Fish dying at alarming rate in northern parts of Maldives

A large amount of dead triggerfish in a plastic bag.

An unusual amount of fish are dying in the northern parts of Maldives.

Speaking to Sun regarding this issue, Director General of the Environmental Protection Agency (EPA), Ibrahim Naeem, said that this issue has been brought to their attention but there have been no steps taken as of yet.

Dr Ibrahim Mohamed, who is well-versed in the environmental academic field, expressed his apprehension regarding this issue in a tweet. He said that this phenomenon is mostly being observed in Sh., N., and R. atolls.

Dr Ibrahim said that as per the information he has been given, the species of fish that are dying most appear to be triggerfish. He even attached a picture of many dead triggerfish in a plastic bag along with the tweet.

He said that this is something to be worried about. He even said that such a phenomenon was observed back in 2007 as well. 

“In the past, it happened around M. and Dh. atoll at first and then it began to happen near Male’ as well as other parts of Maldives,” Dr Ibrahim said expressing his concern that such phenomena might occur again.

He noted that research was conducted on the death of a large number of fish. However, he said that there is a lack of long-term studies. The cause of such problems is unknown due to the lack of long-term studies, he said.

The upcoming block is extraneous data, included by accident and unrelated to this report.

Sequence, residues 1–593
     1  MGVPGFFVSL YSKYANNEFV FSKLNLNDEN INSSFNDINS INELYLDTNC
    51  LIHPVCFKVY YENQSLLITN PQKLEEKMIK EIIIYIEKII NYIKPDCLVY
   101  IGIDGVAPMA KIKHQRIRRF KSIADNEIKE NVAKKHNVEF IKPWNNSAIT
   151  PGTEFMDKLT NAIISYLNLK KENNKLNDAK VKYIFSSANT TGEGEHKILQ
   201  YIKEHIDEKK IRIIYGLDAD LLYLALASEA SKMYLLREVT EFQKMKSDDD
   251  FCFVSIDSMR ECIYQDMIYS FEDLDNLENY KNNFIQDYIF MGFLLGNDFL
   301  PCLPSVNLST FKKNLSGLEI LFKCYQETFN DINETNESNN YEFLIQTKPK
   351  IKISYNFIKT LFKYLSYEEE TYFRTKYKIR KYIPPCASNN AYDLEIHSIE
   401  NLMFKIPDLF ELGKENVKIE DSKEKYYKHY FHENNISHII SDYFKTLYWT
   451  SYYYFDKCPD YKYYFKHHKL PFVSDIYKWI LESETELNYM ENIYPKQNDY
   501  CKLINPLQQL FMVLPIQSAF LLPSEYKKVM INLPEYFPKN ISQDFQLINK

There are many factors that contribute to fish mortality. Naeem noted that a large number of fish are dying due to the work done in the area.

“Sometimes the dredging works cloud the water and disrupt the currents causing the fish to die. Then the heat and some kind of plankton-like things are more than enough to cause the death of fish,” Naeem said.

However, he said that this appears to be a natural phenomenon.

Triggerfish seem to be mostly dying in such cases. The reasons include lack of food sources and or oxygen due to a surge in triggerfish populations.

Such cases of dying fish are occasionally observed in neighbouring India and Sri Lanka as well. In most cases, this happens due to complications caused by high temperatures.